Global markets surge after ‘cliff’ deal

Global markets surged yesterday following the announcement that the White House and the US Congress had temporarily resolved the “fiscal cliff” that threatened to plunge the world’s largest economy back into recession.

If US authorities had not reached agreement then a series of swingeing spending cuts and tax rises would have been automatically introduced.

But analysts say the stock market rally will prove short lived because there are a number of looming political and economic hurdles that must be overcome before there is a durable recovery.

Over the past year, AAA rated sovereign bond yields have reached historical lows as investors became more risk averse.

However, london-based analyst with the investment bank Societe Generale, Dirk Hoffmann-Becking, says the conclusion of the fiscal cliff talks could presage a move into more risky assets, particularly investment banks and wealth management firms.

But NCB economist Philip O’Sullivan points out that the US Republican and Democrat parties have to agree a new debt ceiling in February. Moreover, talks on what spending cuts should be made as part of the compromise on the fiscal cliff have been delayed for another two months, which could again lead to political gridlock.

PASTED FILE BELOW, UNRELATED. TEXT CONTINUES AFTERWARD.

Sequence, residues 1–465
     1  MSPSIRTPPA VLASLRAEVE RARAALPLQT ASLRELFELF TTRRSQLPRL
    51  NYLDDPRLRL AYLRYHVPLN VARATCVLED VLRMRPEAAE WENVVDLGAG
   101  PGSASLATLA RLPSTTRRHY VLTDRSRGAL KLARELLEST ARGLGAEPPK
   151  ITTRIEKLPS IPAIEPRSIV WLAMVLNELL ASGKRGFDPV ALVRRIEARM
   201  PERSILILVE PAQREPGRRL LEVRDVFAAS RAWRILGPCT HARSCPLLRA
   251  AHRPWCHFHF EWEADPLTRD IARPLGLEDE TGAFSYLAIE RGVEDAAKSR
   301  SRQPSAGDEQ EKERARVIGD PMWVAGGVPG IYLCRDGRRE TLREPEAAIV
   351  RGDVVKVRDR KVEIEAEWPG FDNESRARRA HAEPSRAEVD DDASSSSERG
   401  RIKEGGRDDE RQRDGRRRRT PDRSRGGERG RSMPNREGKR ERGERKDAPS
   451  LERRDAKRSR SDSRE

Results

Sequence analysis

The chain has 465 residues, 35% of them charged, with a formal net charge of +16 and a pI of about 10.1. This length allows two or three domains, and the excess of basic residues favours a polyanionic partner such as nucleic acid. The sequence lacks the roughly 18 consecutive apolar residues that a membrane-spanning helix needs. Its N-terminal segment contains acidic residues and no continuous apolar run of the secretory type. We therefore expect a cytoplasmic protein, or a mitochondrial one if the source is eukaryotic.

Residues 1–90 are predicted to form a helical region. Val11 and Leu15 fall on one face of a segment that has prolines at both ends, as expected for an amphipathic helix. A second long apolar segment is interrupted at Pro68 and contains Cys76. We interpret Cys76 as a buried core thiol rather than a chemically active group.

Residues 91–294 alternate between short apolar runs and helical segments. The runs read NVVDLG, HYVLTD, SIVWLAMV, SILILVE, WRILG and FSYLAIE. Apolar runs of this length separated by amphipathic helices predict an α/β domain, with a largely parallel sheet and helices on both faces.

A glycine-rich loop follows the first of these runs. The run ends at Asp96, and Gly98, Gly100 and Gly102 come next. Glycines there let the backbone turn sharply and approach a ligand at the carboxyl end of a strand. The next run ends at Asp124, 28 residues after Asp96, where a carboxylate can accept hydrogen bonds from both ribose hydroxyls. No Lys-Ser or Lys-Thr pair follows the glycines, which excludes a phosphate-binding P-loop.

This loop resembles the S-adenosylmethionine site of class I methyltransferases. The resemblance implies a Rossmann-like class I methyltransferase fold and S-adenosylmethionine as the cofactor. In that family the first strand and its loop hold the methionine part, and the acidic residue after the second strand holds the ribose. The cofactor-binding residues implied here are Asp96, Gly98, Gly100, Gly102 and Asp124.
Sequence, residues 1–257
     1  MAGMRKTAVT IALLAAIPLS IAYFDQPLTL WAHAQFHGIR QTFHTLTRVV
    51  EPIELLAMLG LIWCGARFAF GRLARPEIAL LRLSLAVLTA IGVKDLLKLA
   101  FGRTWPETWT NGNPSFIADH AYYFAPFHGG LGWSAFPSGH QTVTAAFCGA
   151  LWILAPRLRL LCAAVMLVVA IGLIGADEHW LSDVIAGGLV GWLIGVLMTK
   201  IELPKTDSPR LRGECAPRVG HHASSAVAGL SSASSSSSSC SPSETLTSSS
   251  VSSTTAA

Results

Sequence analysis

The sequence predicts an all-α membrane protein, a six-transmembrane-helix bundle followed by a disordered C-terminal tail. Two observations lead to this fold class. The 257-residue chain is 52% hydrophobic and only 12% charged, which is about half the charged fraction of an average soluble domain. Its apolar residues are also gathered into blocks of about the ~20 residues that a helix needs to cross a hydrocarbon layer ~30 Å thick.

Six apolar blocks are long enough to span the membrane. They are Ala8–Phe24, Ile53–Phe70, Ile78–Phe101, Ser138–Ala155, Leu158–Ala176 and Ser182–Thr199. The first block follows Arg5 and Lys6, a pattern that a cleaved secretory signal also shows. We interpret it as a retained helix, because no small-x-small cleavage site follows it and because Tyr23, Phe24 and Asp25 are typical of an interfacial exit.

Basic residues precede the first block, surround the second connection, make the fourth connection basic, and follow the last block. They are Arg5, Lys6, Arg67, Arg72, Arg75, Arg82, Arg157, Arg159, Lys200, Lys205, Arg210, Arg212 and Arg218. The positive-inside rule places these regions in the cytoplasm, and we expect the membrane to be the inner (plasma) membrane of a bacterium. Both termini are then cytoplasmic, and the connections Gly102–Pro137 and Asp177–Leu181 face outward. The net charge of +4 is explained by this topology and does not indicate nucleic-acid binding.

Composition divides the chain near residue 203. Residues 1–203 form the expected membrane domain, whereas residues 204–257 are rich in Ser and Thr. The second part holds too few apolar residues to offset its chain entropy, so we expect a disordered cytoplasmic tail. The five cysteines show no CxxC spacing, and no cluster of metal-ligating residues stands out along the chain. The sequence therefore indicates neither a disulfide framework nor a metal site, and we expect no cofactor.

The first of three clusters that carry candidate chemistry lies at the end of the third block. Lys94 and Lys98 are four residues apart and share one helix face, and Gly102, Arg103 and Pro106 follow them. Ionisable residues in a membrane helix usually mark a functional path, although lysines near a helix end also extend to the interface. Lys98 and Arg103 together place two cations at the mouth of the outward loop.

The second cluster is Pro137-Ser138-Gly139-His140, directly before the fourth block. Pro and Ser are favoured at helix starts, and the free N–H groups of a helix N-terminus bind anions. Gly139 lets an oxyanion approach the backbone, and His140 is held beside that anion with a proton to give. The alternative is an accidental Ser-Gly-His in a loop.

But, positive manufacturing data in Ireland’s main trading partners — the US and the UK — should give this country a boost. “For every 1% rise in global growth, it adds an extra 1.5% to Irish GDP as we are highly leveraged to the world economy,” notes Mr O’Sullivan.

London-based investment analyst with Investec, Philip Shaw, says the global economy is past the half-way point of the financial crisis. Moreover, the extreme tail risks that existed last year, including the threat of the euro breaking up or the fiscal cliff negotiations ending without agreement, will not be a factor this year.

But there is no one event that marks an inflection point in the recovery, which will trigger a bounce in the markets, he argues. Instead there are a series of “boxes that have to be ticked” over the medium term.

“The US economy needs sustained growth, an increase in the number of jobs created and a reduction in the fiscal deficit. The UK also needs growth and jobs and a reduction in debt levels. The eurozone has many problems that it has to overcome including the Spanish banking crisis and competitiveness problems in southern Europe.”

Mr Shaw says if good progress is made on these fronts, the global economy could be in a position to make a sustained recovery from the middle of 2014.

But given the wall of money waiting on the sidelines, the complexion of the economic recovery will determine the flow into more risky assets such as equities and out of government bonds.


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